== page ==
Ideally, when a couple divorces, both spouses would be honest about their assets so that the courts can equally divide them. Unfortunately, this does not always happen. If you suspect that your spouse is hiding assets, it is important to carefully consider where to look for them. To help get you started in your search, here are some possible ways your spouse could be hiding assets.
Transferring to a Friend or Family's Accounts
One commonly used method of hiding assets in a joint bank or brokerage account is for a spouse to transfer the funds to a friend or family's account. Once the divorce is completed, your spouse would simply transfer the funds to a new account. If you suspect your spouse has done this, you will need to review your bank and investment statements for transfers of which you were unaware.
It is important to note that depending on the state in which you live, some states might not consider the transferred assets to be marital assets because they are in the friend or family member's account. Your attorney will have to work within the family court system to prove you are entitled to those funds.
If your spouse receives commission for his or her work, it is possible he or she is hiding them from you. Your spouse could ask his or her employer to delay the payment of the commission until a later pay period for tax purposes. If the commission is held until after your divorce is finalized, you would not have a claim to them.
To determine if there are hidden funds from your spouse's commission, your attorney might have to ask the court for a subpoena of your spouse's payment records.
Overpaying the Internal Revenue Service
To you, it might seem incredible, but it is possible for your spouse to hide money by using the Internal Revenue Service, or IRS. Your spouse could opt to allow the IRS to hold this year's tax refund to pay towards next year's tax bill. Although this is a normal request, it could result in money being hidden until after the divorce is finalized.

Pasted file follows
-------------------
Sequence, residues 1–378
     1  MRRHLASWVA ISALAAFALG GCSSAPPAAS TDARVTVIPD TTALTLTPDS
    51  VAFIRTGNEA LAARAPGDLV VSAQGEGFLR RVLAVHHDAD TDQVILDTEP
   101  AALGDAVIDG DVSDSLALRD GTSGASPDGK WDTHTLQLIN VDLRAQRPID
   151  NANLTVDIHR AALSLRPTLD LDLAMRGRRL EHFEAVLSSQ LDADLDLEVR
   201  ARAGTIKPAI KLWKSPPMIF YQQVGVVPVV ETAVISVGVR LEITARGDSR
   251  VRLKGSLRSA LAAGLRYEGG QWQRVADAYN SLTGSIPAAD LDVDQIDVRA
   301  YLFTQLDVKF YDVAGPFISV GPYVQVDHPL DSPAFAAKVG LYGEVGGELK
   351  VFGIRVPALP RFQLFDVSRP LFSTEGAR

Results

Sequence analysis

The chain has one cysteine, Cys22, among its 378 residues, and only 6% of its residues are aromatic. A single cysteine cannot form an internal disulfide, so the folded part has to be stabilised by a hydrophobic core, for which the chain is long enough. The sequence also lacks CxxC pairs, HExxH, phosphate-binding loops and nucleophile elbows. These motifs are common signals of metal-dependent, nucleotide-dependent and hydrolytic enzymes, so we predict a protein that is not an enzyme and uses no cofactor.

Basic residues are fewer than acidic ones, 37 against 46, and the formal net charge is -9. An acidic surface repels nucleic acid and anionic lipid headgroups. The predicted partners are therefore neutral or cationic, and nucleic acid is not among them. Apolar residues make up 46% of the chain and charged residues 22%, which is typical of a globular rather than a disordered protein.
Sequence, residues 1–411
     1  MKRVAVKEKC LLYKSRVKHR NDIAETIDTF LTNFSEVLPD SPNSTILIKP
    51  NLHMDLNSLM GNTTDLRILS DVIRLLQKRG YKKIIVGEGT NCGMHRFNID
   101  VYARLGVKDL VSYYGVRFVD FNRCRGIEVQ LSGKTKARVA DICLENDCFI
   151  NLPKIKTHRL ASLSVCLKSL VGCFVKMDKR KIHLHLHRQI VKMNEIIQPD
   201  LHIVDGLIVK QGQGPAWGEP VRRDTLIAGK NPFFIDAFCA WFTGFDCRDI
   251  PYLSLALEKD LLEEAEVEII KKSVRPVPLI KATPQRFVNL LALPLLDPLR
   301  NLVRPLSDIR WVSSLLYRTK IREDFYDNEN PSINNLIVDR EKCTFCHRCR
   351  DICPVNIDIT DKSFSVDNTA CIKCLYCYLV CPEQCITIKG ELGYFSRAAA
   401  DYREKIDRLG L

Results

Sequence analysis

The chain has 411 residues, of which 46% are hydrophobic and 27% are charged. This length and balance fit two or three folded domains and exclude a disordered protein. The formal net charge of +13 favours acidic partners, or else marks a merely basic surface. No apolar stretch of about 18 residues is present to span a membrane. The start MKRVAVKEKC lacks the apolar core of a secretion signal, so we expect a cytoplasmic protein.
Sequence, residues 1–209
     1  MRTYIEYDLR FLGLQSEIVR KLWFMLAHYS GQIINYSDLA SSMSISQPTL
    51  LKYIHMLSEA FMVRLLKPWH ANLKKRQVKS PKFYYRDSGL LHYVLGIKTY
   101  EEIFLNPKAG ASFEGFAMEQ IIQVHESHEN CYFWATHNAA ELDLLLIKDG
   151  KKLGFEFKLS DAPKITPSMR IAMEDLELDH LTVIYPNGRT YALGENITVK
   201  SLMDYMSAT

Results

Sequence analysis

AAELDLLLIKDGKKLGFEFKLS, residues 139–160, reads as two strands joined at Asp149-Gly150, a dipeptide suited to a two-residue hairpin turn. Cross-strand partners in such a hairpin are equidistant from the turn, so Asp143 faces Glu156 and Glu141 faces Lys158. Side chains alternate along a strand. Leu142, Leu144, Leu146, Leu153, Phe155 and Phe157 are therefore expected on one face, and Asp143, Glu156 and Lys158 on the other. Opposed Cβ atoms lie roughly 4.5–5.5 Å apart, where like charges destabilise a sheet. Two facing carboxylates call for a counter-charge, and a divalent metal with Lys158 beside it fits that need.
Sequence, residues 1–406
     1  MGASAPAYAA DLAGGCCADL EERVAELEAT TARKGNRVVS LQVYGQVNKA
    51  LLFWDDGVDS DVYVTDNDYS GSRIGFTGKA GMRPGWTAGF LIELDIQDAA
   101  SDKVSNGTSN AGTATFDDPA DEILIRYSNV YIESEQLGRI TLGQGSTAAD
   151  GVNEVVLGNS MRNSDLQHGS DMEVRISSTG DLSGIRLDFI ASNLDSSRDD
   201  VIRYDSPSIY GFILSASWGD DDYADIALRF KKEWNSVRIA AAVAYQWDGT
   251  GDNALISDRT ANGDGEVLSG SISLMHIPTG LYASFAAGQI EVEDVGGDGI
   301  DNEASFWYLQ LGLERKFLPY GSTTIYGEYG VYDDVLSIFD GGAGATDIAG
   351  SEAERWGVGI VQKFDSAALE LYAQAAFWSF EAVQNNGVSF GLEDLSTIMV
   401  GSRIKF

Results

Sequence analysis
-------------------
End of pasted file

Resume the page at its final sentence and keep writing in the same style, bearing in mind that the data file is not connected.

If your spouse is due to receive a tax refund the next year, not only will he or she get the refund owed, but also the funds from the year you divorced that he or she asked the agency to hold.
To prevent this from happening, you need to closely examine all of the tax records for at least the last five years to determine if your spouse has chosen to apply funds. If so, those funds need to be considered in the divorce.
There are many other ways in which a tricky spouse can hide funds. To find those funds, work with a divorce attorney like Stephen J Weisbrod Esq Law or others who have experience in finding hidden assets.Share
3 January 2016
When I began the divorce process, I knew that I wanted to change my name back to my maiden name. I no longer wanted to be associated with the family name of the man that I was divorcing. The problem was, I have three kids that all had their father's name. I wanted to know if I would be able to change their last names to my maiden name rather than having them carry that family's name for the rest of their lives. I found out a lot about what it would take and began working to create this blog to help other women wanting to do the same thing.